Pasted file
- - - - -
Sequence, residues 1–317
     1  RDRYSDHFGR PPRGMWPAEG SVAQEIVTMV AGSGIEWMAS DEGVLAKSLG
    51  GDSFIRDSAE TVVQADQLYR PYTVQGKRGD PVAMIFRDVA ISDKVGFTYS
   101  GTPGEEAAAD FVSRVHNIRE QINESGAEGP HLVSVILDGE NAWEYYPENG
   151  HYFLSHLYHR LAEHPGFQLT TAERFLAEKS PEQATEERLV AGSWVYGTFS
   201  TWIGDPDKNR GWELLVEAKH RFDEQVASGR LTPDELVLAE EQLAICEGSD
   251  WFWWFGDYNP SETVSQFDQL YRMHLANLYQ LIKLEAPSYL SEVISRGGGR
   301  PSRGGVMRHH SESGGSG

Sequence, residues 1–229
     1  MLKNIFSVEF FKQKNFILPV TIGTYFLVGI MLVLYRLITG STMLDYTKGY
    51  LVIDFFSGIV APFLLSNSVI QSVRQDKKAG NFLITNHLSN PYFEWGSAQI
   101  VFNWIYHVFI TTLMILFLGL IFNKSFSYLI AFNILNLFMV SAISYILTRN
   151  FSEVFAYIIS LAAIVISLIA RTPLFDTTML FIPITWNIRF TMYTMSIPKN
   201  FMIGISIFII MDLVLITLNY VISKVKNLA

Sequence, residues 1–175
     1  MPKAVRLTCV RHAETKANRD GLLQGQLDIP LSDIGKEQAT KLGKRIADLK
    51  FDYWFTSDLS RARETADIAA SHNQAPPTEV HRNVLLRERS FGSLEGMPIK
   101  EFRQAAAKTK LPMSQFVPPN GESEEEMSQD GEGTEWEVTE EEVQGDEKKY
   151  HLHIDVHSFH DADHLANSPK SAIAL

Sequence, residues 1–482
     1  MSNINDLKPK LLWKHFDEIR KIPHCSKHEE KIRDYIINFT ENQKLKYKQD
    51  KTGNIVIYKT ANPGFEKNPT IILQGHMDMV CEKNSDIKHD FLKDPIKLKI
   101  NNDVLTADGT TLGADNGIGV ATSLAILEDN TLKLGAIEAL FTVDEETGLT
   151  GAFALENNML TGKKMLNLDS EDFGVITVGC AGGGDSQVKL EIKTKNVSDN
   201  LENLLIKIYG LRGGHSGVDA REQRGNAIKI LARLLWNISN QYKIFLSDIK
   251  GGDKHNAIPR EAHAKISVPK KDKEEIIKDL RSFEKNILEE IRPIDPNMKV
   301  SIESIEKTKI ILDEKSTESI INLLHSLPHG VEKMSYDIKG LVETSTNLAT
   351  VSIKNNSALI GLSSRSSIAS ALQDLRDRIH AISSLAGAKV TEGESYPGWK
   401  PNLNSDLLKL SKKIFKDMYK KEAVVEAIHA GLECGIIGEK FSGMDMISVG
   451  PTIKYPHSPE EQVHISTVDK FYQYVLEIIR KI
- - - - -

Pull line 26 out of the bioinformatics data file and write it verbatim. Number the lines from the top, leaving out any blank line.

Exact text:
   251  GGDKHNAIPR EAHAKISVPK KDKEEIIKDL RSFEKNILEE IRPIDPNMKV